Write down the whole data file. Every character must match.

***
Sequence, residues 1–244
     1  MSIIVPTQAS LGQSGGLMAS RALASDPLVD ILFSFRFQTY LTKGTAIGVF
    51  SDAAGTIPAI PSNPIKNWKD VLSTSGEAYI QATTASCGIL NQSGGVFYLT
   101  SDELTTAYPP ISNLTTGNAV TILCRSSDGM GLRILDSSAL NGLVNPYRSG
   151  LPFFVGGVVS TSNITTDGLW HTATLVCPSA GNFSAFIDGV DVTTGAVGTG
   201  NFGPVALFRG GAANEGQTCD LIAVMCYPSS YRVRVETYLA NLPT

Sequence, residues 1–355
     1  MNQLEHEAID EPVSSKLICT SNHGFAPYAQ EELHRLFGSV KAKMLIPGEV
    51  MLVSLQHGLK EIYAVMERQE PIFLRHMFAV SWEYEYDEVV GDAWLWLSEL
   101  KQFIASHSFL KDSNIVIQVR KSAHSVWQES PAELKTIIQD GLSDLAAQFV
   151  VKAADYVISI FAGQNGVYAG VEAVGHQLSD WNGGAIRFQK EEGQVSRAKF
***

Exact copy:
Sequence, residues 1–244
     1  MSIIVPTQAS LGQSGGLMAS RALASDPLVD ILFSFRFQTY LTKGTAIGVF
    51  SDAAGTIPAI PSNPIKNWKD VLSTSGEAYI QATTASCGIL NQSGGVFYLT
   101  SDELTTAYPP ISNLTTGNAV TILCRSSDGM GLRILDSSAL NGLVNPYRSG
   151  LPFFVGGVVS TSNITTDGLW HTATLVCPSA GNFSAFIDGV DVTTGAVGTG
   201  NFGPVALFRG GAANEGQTCD LIAVMCYPSS YRVRVETYLA NLPT

Sequence, residues 1–355
     1  MNQLEHEAID EPVSSKLICT SNHGFAPYAQ EELHRLFGSV KAKMLIPGEV
    51  MLVSLQHGLK EIYAVMERQE PIFLRHMFAV SWEYEYDEVV GDAWLWLSEL
   101  KQFIASHSFL KDSNIVIQVR KSAHSVWQES PAELKTIIQD GLSDLAAQFV
   151  VKAADYVISI FAGQNGVYAG VEAVGHQLSD WNGGAIRFQK EEGQVSRAKF